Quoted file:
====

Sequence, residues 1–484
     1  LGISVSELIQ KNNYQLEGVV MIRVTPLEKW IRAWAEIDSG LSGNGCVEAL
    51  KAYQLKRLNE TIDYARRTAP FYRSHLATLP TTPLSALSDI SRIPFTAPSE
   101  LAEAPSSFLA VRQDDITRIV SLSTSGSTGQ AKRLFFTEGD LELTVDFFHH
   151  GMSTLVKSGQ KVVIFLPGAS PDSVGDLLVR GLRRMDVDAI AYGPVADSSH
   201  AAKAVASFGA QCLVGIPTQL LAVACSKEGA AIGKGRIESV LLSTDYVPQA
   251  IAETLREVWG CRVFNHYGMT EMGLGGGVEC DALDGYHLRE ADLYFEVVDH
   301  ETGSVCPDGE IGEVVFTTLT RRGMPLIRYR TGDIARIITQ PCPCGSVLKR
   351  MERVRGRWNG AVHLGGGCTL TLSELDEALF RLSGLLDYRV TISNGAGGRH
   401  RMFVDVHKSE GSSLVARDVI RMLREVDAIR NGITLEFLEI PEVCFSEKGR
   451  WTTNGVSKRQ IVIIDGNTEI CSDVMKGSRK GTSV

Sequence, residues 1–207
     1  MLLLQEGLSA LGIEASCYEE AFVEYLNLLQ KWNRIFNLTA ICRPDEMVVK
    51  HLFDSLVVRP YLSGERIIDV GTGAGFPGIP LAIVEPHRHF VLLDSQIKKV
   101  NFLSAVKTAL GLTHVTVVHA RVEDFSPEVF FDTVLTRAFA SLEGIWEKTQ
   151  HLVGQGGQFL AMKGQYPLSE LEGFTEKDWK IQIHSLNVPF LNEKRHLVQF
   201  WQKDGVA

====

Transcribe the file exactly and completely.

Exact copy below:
Sequence, residues 1–484
     1  LGISVSELIQ KNNYQLEGVV MIRVTPLEKW IRAWAEIDSG LSGNGCVEAL
    51  KAYQLKRLNE TIDYARRTAP FYRSHLATLP TTPLSALSDI SRIPFTAPSE
   101  LAEAPSSFLA VRQDDITRIV SLSTSGSTGQ AKRLFFTEGD LELTVDFFHH
   151  GMSTLVKSGQ KVVIFLPGAS PDSVGDLLVR GLRRMDVDAI AYGPVADSSH
   201  AAKAVASFGA QCLVGIPTQL LAVACSKEGA AIGKGRIESV LLSTDYVPQA
   251  IAETLREVWG CRVFNHYGMT EMGLGGGVEC DALDGYHLRE ADLYFEVVDH
   301  ETGSVCPDGE IGEVVFTTLT RRGMPLIRYR TGDIARIITQ PCPCGSVLKR
   351  MERVRGRWNG AVHLGGGCTL TLSELDEALF RLSGLLDYRV TISNGAGGRH
   401  RMFVDVHKSE GSSLVARDVI RMLREVDAIR NGITLEFLEI PEVCFSEKGR
   451  WTTNGVSKRQ IVIIDGNTEI CSDVMKGSRK GTSV

Sequence, residues 1–207
     1  MLLLQEGLSA LGIEASCYEE AFVEYLNLLQ KWNRIFNLTA ICRPDEMVVK
    51  HLFDSLVVRP YLSGERIIDV GTGAGFPGIP LAIVEPHRHF VLLDSQIKKV
   101  NFLSAVKTAL GLTHVTVVHA RVEDFSPEVF FDTVLTRAFA SLEGIWEKTQ
   151  HLVGQGGQFL AMKGQYPLSE LEGFTEKDWK IQIHSLNVPF LNEKRHLVQF
   201  WQKDGVA